Pleasures of Fancy

A poem by John Clare

A path, old tree, goes by thee crooking on,
And through this little gate that claps and bangs
Against thy rifted trunk, what steps hath gone?
Though but a lonely way, yet mystery hangs
Oer crowds of pastoral scenes recordless here.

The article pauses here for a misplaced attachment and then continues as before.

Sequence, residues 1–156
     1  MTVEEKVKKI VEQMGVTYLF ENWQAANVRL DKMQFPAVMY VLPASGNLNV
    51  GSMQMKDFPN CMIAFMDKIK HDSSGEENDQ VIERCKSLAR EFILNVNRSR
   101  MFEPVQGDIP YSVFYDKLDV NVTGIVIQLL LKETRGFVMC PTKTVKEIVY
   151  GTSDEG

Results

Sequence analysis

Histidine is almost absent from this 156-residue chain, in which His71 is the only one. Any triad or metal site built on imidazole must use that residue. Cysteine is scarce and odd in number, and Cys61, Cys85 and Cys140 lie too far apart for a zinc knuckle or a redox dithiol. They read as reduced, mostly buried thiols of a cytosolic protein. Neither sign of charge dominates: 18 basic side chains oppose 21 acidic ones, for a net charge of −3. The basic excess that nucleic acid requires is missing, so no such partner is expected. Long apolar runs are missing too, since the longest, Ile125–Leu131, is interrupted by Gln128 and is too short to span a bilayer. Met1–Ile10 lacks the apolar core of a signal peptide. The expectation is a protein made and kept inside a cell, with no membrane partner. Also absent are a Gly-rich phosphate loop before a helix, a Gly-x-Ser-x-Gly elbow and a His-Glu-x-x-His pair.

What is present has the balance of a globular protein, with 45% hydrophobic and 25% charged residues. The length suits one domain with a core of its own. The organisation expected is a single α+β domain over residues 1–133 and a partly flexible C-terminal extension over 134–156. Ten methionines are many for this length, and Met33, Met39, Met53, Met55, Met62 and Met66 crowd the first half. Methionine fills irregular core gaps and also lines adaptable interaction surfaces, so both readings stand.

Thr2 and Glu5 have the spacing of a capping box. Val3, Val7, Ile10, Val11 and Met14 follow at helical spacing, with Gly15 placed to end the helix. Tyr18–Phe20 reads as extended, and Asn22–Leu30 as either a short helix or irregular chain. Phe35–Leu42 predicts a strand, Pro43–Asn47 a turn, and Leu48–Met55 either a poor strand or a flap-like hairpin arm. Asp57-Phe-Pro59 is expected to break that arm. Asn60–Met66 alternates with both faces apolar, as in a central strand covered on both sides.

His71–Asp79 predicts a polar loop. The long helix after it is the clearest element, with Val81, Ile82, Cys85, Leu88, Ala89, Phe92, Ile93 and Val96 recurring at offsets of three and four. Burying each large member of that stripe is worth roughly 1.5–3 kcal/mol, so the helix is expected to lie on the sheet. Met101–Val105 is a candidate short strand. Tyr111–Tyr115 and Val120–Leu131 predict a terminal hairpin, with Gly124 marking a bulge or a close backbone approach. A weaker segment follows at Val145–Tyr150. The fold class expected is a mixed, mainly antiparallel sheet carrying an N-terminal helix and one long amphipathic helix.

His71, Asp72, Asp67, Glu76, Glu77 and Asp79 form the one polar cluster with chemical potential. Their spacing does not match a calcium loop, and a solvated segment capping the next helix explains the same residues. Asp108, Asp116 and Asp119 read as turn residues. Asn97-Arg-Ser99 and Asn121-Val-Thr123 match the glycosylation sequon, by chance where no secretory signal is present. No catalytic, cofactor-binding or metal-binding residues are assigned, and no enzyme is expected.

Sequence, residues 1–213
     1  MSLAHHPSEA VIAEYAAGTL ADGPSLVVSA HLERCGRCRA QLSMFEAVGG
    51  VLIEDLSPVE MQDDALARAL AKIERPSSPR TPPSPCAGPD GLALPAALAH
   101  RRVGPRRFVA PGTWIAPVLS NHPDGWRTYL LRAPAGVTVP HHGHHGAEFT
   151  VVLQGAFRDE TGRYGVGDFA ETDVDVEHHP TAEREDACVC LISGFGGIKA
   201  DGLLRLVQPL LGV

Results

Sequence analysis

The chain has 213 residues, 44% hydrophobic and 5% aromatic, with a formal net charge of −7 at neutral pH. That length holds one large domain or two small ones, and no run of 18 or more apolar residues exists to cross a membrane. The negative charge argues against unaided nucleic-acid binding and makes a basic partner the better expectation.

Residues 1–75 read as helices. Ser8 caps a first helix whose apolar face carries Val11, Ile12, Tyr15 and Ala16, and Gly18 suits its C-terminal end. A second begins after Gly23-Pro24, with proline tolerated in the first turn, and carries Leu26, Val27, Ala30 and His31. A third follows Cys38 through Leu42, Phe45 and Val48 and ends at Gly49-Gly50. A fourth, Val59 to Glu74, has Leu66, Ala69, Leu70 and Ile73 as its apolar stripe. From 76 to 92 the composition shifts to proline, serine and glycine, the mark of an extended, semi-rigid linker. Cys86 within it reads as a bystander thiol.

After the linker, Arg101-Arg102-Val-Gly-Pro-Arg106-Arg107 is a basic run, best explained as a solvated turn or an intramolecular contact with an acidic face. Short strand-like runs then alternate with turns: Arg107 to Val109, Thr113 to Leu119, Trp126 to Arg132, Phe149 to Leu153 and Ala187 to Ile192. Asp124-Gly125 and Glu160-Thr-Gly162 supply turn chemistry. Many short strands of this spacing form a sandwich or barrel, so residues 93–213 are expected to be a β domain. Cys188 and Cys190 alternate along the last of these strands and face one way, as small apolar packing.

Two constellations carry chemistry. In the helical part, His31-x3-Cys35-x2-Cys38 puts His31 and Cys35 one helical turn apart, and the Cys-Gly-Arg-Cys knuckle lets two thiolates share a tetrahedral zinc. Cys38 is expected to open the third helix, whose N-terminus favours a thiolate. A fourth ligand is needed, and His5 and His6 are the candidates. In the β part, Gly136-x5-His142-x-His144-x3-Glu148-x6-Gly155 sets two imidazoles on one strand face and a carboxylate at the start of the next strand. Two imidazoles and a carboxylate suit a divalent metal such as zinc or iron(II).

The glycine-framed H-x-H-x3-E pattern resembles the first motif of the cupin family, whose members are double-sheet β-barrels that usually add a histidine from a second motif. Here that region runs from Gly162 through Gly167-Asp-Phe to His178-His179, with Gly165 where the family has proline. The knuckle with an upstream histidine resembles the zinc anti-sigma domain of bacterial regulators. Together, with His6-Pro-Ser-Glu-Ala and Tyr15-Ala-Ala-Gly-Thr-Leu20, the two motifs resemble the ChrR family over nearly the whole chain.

The boy might climb the nest in thy young boughs
That's slept half an eternity; in fear
The herdsman may have left his startled cows
For shelter when heaven's thunder voice was near;
Here too the woodman on his wallet laid
For pillow may have slept an hour away;
And poet pastoral, lover of the shade,
Here sat and mused half some long summer day
While some old shepherd listened to the lay.

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